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    15 Words You Didn't Know Came From Classic Literature

    Fun fact about words: We made them all up!

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    Yahoo is a word gifted to us by Jonathan Swift's Gulliver's Travels. In the novel, the Yahoos are a filthy tribe obsessed with pretty stones they dig through mud to find. Yahoo is a slightly antiquated way to call someone uncouth. The founders of the Yahoo! search engine were partly inspired by this slang term.

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    This word, meaning especially small or trivial, refers to the people of Lilliput, a fictional island in Jonathan Swift's Gulliver's Travels meant to be a parody of England. In the novel, Lilliputians are one-twelfth the height of normal human beings and their major political skirmishes are often portrayed by Swift as silly quibbles over fashion and comportment.

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    Pander comes from Pandoras, a prince who helped two lovers fall in love, as in Chaucer's Troilus and Criseyde. Though romantic in origin, pander took on the connotation of a pimp, or someone who arranged untoward sexual situations. This, in turn, produced its current meaning of being eager to fulfill all sorts of questionable desires.

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    First used in Edmund Spenser's epic poem The Faerie Queene, this word was originally an epithet for a thousand-tongued beast made by Cerberus and Chimaera. It now refers to something that is in-your-face obvious, which a thousand-tongued beast certainly is.

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    This word didn't exist before 1871. Lewis Carroll used it in Jabberwocky as a portmanteau of snort and chuckle. Someone who chortles is laughing so hard they may just snort.

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    In Milton's Paradise Lost, Pandemonium is Satan's capital city. It literally means "all demons," but has since come to mean chaotic confusion, which is its own type of hell.

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    This is another Carroll invention used in Jabberwocky. He uses the word galumph to describe the way his fictional creature moves. It connotes clumsiness but may be related to a combination of the words "gallop" and "triumph."

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    The French writer Rabelais scandalized 16th century censors with his satirical work, The Life of Gargantua and of Pantagruel, about a pair of giants who get up to no good. In the novel, Gargantua has a ravenous appetite and it reportedly took 17,913 cows to get him his daily milk.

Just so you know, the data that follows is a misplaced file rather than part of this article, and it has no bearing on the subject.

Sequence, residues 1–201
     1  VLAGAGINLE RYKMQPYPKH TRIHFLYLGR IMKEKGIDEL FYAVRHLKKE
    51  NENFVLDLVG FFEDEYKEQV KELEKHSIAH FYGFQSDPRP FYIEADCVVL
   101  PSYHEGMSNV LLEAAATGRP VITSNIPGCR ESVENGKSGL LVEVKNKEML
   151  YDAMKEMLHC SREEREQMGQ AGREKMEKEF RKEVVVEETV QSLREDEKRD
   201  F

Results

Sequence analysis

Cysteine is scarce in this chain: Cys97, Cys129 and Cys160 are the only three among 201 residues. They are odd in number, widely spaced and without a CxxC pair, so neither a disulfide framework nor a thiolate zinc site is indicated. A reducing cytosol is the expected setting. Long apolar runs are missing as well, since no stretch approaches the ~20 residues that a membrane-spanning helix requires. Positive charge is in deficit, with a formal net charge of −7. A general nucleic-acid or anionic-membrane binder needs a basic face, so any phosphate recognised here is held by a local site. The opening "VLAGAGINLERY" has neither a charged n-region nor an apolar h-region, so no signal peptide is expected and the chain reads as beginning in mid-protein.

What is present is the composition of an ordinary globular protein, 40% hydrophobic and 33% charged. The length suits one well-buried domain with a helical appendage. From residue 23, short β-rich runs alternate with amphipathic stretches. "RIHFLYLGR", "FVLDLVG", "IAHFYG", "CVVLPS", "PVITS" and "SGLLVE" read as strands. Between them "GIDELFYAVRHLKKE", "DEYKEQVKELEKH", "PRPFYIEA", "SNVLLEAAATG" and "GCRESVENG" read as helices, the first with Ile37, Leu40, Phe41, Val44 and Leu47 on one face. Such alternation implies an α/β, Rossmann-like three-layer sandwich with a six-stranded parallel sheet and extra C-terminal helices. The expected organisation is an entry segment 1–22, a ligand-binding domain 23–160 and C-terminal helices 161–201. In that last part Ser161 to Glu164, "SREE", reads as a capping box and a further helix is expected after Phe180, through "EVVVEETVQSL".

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    In Voltaire's Candide, Master Pangloss is a tireless (and tiresome) optimist who teaches Candide that "all is for the best" in the "best of all possible worlds." Candide, however, is quickly disabused of this notion. A Panglossian theory is one that is irrationally optimistic.

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    This word (as we know it) comes from a character named Mrs. Malaprop in Richard Brinsley Sheridan’s play The Rivals, who often misspeaks. In the 1600s, malapropos meant “in an inopportune, inappropriate, or awkward manner,” but after Sheridan's play, a "malapropism" became known as the use of an incorrect, but similar sounding word.

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    This adjective comes from Cervantes' Don Quixote. The titular character was a romantic who didn't heed common sense, so someone who's quixotic is idealistic to a fault.

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    In Homer's The Illiad, Stentor was a Greek herald in the Trojan War whose voice was said to be as loud as 50 men. A stentorian tone is one that is very loud.

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    Utopia comes from the Greek u-topos, meaning "no place." It was first used by Sir Thomas More, an advisor to Henry VIII, in his satirical book Utopia, where the perfect society.

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    Horace Walpole, whose Gothic novel The Castle of Otranto was the first of its kind, invented this word. It derives from a story called "The Three Princes of Serendip," where the princes go on adventures and make "happy and unexpected discoveries by accident." Serendip was what we now call Sri Lanka.

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    Czech writer Karel Čapek introduced the word robot to the world in his play R.U.R., or Rossum's Universal Robots. The robots of his story, which he named for the Czech word robota for "forced labor," are artificially developed androids who are subservient to humans. R.U.R would later inspire Isaac Asimov's coining of the term "robotics."

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